Pelvic inflammatory disease (PID) is an infection of the female upper genital tract, including the womb, fallopian tubes and ovaries.
PID is a common condition, although it's not clear how many women are affected in the UK. It mostly affects sexually active women aged 15 to 24.
PID often doesn't cause any obvious symptoms.
Most women have mild symptoms that may include one or more of the following:
- pain around the pelvis or lower abdomen (tummy)
- discomfort or pain during sex that's felt deep inside the pelvis
- pain during urination
- bleeding between periods and after sex
- heavy periods
- painful periods
- unusual vaginal discharge, especially if it's yellow or green
A few women become very ill with:
- severe lower abdominal pain
- a high temperature (fever)
- nausea and vomiting
When to seek medical advice
It’s important to visit your GP or a sexual health clinic if you experience any of the above symptoms.
If you have severe pain, you should seek urgent medical attention from your GP or local A&E department. Delaying treatment for PID or having repeated episodes of PID can increase your risk of serious and long-term complications (see below).
There's no simple test to diagnose PID. Diagnosis is based on your symptoms and the finding of tenderness on a vaginal (internal) examination. Swabs will be taken from your vagina and cervix (neck of the womb), but negative swabs don't rule out PID.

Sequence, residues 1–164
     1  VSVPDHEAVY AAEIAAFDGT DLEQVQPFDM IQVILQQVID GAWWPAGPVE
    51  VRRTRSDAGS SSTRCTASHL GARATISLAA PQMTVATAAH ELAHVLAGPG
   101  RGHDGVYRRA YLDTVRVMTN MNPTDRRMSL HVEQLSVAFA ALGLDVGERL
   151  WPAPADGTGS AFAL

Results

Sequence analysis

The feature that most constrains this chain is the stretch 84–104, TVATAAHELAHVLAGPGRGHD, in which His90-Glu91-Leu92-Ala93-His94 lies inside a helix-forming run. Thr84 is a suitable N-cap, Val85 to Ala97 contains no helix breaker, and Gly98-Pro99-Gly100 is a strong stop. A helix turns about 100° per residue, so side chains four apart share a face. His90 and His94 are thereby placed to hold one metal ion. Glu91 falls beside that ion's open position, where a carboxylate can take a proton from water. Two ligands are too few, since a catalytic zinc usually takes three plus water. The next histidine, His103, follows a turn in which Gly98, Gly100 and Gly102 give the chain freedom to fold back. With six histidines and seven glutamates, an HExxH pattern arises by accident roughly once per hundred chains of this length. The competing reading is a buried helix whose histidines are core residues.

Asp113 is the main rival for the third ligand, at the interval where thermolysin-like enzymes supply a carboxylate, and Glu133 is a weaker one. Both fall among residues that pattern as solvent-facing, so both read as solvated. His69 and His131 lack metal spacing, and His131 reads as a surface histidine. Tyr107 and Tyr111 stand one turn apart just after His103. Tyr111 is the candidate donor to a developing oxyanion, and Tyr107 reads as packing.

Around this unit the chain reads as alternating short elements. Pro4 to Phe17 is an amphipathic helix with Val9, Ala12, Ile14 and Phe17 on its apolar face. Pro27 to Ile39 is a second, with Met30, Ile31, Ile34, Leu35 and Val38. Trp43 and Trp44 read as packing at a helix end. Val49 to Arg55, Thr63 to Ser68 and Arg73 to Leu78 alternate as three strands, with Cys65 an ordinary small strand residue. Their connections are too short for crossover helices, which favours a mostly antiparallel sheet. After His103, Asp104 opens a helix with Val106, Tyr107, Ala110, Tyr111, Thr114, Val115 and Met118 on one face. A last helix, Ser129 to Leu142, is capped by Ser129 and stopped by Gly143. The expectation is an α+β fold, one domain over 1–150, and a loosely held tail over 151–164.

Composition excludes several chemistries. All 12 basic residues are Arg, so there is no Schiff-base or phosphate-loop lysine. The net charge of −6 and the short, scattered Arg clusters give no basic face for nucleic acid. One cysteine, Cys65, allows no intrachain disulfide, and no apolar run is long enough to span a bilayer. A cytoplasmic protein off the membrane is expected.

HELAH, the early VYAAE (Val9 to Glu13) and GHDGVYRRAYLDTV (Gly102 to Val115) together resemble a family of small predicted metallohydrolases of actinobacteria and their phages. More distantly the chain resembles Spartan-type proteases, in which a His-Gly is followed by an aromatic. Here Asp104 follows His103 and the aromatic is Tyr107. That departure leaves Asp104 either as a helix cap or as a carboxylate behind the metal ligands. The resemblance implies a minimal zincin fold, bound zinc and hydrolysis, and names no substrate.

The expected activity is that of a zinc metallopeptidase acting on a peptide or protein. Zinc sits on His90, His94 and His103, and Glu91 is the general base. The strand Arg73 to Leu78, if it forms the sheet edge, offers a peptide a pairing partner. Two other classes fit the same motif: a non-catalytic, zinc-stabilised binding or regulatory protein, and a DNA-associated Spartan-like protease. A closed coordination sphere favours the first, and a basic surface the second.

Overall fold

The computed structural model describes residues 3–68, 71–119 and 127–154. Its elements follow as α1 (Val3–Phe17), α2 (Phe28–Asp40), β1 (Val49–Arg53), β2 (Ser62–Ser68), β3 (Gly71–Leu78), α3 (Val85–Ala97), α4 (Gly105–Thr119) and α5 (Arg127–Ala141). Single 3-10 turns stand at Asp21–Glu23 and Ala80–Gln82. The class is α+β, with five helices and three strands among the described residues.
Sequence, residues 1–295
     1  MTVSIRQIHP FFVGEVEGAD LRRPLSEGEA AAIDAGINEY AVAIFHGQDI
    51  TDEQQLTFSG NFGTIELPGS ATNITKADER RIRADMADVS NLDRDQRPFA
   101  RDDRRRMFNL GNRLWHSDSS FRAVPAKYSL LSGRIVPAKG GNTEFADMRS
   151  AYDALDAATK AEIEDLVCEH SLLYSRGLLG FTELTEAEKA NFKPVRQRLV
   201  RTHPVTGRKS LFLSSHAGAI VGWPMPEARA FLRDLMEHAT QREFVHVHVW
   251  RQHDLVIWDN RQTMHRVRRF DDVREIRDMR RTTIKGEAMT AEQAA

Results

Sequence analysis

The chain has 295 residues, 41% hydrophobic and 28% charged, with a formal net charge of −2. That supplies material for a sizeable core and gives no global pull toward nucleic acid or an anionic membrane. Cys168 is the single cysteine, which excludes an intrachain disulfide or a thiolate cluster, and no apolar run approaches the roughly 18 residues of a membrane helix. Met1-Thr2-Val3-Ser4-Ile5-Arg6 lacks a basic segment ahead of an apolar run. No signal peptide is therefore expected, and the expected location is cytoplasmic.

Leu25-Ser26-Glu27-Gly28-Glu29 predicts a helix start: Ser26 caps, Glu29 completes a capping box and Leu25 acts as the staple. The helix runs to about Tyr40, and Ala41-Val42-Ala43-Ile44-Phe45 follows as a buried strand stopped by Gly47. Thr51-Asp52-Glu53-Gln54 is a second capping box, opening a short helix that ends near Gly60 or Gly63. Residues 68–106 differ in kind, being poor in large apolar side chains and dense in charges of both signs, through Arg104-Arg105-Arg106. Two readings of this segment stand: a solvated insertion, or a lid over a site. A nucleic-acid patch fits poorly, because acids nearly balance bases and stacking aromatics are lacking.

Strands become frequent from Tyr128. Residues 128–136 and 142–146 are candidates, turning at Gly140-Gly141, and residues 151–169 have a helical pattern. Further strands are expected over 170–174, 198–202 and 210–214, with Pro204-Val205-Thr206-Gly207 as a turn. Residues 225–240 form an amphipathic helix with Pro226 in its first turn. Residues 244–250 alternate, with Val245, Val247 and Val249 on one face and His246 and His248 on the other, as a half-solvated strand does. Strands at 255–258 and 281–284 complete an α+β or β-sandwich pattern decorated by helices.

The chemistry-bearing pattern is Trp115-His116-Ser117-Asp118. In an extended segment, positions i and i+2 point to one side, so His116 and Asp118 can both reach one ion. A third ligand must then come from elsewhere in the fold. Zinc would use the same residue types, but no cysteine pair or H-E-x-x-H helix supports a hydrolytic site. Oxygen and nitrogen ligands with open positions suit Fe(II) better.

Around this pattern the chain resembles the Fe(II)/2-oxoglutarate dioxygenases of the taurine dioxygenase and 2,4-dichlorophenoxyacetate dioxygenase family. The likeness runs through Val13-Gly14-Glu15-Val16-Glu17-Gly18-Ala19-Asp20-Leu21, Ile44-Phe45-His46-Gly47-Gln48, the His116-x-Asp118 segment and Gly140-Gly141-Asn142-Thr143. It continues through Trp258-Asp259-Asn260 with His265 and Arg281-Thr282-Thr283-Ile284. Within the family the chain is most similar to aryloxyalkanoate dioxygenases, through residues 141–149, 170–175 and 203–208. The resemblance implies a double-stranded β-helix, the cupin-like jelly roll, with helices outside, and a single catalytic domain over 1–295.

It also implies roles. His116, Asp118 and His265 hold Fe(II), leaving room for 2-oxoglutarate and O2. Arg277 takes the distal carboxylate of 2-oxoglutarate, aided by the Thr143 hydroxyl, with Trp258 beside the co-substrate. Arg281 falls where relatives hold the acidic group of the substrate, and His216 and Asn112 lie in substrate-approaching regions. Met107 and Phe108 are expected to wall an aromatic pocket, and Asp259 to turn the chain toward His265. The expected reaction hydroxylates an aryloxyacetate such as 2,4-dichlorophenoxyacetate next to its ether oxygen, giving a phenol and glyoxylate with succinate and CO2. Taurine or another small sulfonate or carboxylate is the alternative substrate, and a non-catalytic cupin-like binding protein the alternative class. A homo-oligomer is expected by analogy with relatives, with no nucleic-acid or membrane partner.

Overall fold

Read more about diagnosing PID.
Most cases of PID are caused by a bacterial infection that's spread from the vagina or the cervix to the reproductive organs higher up.
Many different types of bacteria can cause PID. In about one in four cases, it's caused by a sexually transmitted infection (STI) such as chlamydia or gonorrhoea.
In many other cases, it's caused by bacteria that normally live in the vagina.
Read more about the causes of PID.
If diagnosed at an early stage, PID can be treated with a course of antibiotics, which usually lasts for 14 days. You'll be given a mixture of antibiotics to cover the most likely infections, and often an injection as well as tablets.
It's important to complete the whole course and avoid having sexual intercourse during this time to help ensure the infection clears.
Your recent sexual partners also need to be tested and treated to stop the infection recurring or being spread to others.
Read more about treating PID.
The fallopian tubes can become scarred and narrowed if they're affected by PID. This can make it difficult for eggs to pass from the ovaries into the womb.
This can increase your chances of having an ectopic pregnancy (a pregnancy in the fallopian tubes instead of the womb) in the future and can make some women infertile.
It's estimated that around 1 in 10 women with PID becomes infertile as a result of the condition. Women who have had delayed treatment or had repeated episodes of PID are most at risk. However, most women treated for PID are still able to get pregnant without any problems.
Read more about the complications of PID.
You can reduce your risk of PID by always using condoms with a new sexual partner until they've had a sexual health check. Chlamydia is very common in young men, and most don't have any symptoms.
If you're worried you may have an STI, visit your local genitourinary medicine (GUM) or sexual health clinic for advice. Find your local sexual health clinic.
If you need an invasive gynaecological procedure, such as insertion of a coil or an abortion, have a check-up beforehand.
Read more advice about STIs.